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PARAMARIBO—State owned television station STVS has apologized for pulling last Monday’s broadcast of the 10 Minute Youth Journal; the program, including the report of the commemoration of the December 8 Murders ran on Thursday night. Journal Editor in Chief Hennah Draaibaar said the TV station management has shown maturity. The Netherlands based media rights watchdog Free Press Unlimited, of which the journal is a partner said it was elated that the program was broadcast unabridged, yet still viewed the incident as a “childish form of censorship” that Government should investigate.
It was the first time in ten years the station stopped a broadcast of the Youth Journal, which only recently copped a prestigious award for its concept. The December Murder item concerned a report of the memorial last Saturday in the Alphons Church for the 15 men who were killed on December 8 1982 and for whose deaths President Bouterse is widely held responsible.
The last minute cancellation of the broadcast was immediately condemned by the Journalist Association SVJ said it was censorship. STVS Manager Shirley Lackin said on Tuesday that pulling the program had been a mistake, probably made by overzealous workers. “It was not supposed to have happened,” she said.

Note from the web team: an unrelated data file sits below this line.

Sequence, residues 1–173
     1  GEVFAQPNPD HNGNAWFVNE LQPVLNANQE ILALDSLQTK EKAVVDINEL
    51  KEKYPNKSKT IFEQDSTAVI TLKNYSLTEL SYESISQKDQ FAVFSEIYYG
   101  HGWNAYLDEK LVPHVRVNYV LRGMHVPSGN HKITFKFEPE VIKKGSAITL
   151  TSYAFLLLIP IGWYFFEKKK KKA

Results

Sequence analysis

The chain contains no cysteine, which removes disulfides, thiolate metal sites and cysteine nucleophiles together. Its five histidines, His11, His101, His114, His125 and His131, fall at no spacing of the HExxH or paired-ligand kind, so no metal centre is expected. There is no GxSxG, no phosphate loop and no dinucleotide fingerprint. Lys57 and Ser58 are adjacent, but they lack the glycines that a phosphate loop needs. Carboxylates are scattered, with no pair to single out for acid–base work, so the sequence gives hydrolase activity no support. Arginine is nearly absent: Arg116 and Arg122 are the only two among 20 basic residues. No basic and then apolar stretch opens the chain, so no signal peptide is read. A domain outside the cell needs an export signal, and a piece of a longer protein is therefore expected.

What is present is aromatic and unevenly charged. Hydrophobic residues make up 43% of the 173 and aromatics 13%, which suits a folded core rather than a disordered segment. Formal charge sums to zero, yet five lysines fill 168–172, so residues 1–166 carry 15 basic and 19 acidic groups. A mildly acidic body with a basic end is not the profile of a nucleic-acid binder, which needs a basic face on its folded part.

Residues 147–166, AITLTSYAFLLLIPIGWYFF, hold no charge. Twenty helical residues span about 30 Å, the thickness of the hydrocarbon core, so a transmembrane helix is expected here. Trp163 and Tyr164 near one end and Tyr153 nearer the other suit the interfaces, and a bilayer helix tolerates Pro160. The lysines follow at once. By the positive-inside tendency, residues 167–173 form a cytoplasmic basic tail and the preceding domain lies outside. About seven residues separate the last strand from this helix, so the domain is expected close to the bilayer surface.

PARAMARIBO–The regional commission that will seek compensation from former colonizers of Caribbean nations has identified public health, education, cultural institutions, cultural deprivation, psychological trauma and scientific and technological backwardness as the six broad aspects of the Caribbean condition that are the direct result slavery. “These direct results of these crimes should be the focus of reparatory diplomacy and action,” the Reparations Commission said in a Caribbean Community (Caricom) statement on Tuesday. It said the former slave owning countries in Europe should help to advance truth, justice and reconciliation for the victims of slavery and their descendants.